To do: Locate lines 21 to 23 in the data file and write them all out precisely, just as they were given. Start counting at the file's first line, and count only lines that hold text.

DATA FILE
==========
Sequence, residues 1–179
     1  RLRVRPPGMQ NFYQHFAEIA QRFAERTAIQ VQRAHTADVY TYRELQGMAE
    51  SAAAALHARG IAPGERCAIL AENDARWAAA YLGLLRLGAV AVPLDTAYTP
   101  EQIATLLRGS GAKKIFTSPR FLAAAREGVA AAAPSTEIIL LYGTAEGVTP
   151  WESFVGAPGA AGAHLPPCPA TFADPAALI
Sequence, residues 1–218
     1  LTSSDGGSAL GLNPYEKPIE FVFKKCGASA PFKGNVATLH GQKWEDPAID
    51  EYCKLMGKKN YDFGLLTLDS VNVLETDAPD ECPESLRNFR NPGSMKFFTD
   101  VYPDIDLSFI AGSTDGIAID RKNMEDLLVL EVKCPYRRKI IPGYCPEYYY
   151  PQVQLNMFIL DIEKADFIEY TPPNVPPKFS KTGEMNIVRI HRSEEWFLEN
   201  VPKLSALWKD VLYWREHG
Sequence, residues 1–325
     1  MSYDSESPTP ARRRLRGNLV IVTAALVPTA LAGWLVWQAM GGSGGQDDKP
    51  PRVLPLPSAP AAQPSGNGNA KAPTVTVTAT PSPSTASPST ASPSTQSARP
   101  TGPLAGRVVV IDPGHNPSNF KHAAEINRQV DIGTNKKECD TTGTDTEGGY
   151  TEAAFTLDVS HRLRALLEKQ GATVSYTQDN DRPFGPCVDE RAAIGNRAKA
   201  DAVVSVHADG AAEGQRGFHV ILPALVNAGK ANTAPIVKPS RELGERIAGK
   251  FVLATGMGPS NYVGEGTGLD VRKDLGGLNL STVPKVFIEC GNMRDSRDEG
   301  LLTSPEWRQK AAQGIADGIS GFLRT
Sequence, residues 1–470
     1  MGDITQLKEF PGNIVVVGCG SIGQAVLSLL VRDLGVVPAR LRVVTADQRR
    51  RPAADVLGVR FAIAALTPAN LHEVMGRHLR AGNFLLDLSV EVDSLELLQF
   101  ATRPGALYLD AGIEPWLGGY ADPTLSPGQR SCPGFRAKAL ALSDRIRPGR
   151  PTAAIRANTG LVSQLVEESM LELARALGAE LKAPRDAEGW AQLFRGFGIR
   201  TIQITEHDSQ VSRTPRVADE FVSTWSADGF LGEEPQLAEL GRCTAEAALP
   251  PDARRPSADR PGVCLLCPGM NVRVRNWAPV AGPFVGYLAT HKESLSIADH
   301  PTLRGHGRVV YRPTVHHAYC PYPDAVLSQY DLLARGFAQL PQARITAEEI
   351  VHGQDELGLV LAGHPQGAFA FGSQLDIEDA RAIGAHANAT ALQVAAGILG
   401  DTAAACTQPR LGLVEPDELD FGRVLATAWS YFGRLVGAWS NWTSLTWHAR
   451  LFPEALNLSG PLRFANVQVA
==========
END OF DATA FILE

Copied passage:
     1  MGDITQLKEF PGNIVVVGCG SIGQAVLSLL VRDLGVVPAR LRVVTADQRR
    51  RPAADVLGVR FAIAALTPAN LHEVMGRHLR AGNFLLDLSV EVDSLELLQF
   101  ATRPGALYLD AGIEPWLGGY ADPTLSPGQR SCPGFRAKAL ALSDRIRPGR